The GymNext Flex Timer combines a large, crystal-clear LED display with an easy to use interval timer app creating the best, most powerful gym timer ever made.

The 4.0" LED digits (same as the Rogue Echo or MDUSA No Limits timer) in blue/red are visible from hundreds of feet away and the 95db buzzer is extremely loud. With bluetooth range of over 100 feet, you aren't tethered to the clock. Move throughout the facility and easily control and setup the timer from our convenient and FREE mobile app.

You can save an unlimited number of custom workouts spanning 6 different timer modes: Standard, Round, Interval, Tabata, EMOM and Laps. Configurable prelude times, round warnings, and a 3-second segue between rounds are just the beginning of the options available to create the most customized experience ever.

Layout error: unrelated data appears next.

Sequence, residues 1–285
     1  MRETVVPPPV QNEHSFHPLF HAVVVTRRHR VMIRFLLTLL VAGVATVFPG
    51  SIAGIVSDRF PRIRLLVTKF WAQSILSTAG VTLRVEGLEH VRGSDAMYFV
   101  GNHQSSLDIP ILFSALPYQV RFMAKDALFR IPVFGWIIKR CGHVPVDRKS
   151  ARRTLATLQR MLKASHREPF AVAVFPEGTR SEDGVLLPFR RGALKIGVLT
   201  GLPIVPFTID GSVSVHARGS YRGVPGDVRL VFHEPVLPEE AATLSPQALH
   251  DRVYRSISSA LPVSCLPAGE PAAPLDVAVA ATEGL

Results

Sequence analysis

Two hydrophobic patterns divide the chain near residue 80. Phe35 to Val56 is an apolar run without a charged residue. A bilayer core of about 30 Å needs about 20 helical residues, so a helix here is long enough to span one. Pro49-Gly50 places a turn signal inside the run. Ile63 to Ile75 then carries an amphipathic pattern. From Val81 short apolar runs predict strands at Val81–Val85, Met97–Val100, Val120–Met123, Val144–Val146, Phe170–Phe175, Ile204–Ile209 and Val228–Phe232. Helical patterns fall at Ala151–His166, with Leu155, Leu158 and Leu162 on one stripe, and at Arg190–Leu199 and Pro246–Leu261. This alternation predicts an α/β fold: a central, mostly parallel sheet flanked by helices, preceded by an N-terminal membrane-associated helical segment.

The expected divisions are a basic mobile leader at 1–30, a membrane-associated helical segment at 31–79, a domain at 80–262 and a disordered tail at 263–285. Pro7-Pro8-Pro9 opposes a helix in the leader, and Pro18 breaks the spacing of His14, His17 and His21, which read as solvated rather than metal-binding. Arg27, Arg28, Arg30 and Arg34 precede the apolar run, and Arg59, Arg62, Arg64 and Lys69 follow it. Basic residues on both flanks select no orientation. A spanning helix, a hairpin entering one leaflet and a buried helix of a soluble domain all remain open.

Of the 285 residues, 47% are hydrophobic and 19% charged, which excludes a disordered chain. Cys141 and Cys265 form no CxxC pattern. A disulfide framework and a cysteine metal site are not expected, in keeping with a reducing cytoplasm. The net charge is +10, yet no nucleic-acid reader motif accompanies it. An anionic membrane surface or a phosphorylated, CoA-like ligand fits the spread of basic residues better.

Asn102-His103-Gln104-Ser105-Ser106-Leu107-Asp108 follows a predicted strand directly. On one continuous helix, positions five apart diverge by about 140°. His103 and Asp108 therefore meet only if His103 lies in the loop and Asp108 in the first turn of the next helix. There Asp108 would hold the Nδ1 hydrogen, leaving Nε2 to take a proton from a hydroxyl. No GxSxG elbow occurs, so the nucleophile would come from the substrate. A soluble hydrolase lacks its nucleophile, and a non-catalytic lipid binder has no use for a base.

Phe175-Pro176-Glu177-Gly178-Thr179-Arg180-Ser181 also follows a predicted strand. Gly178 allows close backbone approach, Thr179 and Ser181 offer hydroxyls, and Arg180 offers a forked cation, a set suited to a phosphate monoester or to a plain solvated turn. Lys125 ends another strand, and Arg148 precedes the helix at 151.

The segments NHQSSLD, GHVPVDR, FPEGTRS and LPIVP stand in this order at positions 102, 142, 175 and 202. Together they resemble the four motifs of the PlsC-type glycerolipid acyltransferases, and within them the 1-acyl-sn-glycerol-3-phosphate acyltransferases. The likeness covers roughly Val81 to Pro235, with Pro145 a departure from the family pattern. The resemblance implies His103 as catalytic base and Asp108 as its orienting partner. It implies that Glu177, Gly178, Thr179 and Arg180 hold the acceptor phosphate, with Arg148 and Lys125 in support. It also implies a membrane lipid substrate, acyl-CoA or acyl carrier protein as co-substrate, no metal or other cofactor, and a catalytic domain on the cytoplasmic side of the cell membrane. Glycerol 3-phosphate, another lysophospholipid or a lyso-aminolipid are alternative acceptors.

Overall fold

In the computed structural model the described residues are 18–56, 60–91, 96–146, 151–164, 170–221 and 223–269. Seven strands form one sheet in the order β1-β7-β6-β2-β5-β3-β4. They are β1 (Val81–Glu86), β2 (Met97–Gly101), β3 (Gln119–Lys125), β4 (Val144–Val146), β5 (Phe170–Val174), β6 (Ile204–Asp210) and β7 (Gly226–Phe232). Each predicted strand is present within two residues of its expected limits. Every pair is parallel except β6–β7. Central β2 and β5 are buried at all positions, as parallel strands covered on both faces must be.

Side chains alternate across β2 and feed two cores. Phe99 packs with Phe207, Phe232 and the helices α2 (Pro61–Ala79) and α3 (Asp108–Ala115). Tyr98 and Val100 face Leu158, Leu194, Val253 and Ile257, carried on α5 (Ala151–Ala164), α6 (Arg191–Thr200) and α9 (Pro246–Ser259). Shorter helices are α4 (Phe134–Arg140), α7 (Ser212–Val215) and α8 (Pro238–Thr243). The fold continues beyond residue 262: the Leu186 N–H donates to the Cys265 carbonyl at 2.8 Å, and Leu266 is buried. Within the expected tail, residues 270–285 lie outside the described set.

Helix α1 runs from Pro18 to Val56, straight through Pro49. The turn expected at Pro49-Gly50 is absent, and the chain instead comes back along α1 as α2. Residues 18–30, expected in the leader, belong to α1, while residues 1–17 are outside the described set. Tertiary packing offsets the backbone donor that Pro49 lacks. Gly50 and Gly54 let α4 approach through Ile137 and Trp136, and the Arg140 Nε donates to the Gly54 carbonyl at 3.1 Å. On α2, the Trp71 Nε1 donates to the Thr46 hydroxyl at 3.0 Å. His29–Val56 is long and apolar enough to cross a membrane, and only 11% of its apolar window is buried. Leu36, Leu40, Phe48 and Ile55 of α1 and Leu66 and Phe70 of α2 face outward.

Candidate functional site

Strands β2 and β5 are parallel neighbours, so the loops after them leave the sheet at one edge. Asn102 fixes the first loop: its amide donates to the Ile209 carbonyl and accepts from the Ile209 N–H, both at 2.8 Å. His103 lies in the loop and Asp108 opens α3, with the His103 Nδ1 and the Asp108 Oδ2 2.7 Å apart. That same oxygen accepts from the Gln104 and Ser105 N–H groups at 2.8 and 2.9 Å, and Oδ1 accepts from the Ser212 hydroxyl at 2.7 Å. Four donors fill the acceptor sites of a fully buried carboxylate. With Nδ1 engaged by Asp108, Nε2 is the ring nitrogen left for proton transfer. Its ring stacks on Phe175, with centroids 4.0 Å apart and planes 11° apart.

The audio sync feature allows you to use a wired or bluetooth speaker to augment or replace the timer's built in buzzer. Play your music from your phone and now you can listen to your music as loud as you want. The app will automatically fade the music in and out at the end of each round so that you never miss an indicator again.

Large gyms will love the ability to link multiple timers together and have them display the same workout or run the timers separately to easily manage different workouts or heats. And the included wall brackets make mounting your clock a breeze.

For the utmost convenience, go hands-free with a Pebble timepiece or Apple Watch. You'll enjoy the natural feeling you get from initiating the timer from your wrist just like a stopwatch.